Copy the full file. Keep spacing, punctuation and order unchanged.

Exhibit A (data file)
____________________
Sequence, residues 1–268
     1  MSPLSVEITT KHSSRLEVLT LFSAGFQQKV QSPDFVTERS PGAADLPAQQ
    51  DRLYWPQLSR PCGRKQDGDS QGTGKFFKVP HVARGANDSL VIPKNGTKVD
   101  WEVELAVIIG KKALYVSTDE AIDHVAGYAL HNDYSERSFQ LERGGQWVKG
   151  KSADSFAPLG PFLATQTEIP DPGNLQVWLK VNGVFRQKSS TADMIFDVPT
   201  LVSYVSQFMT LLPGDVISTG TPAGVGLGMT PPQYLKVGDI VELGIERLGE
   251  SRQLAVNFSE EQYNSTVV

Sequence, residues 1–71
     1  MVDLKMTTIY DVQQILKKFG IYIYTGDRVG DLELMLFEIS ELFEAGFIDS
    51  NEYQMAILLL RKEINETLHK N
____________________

Sequence, residues 1–268
     1  MSPLSVEITT KHSSRLEVLT LFSAGFQQKV QSPDFVTERS PGAADLPAQQ
    51  DRLYWPQLSR PCGRKQDGDS QGTGKFFKVP HVARGANDSL VIPKNGTKVD
   101  WEVELAVIIG KKALYVSTDE AIDHVAGYAL HNDYSERSFQ LERGGQWVKG
   151  KSADSFAPLG PFLATQTEIP DPGNLQVWLK VNGVFRQKSS TADMIFDVPT
   201  LVSYVSQFMT LLPGDVISTG TPAGVGLGMT PPQYLKVGDI VELGIERLGE
   251  SRQLAVNFSE EQYNSTVV

Sequence, residues 1–71
     1  MVDLKMTTIY DVQQILKKFG IYIYTGDRVG DLELMLFEIS ELFEAGFIDS
    51  NEYQMAILLL RKEINETLHK N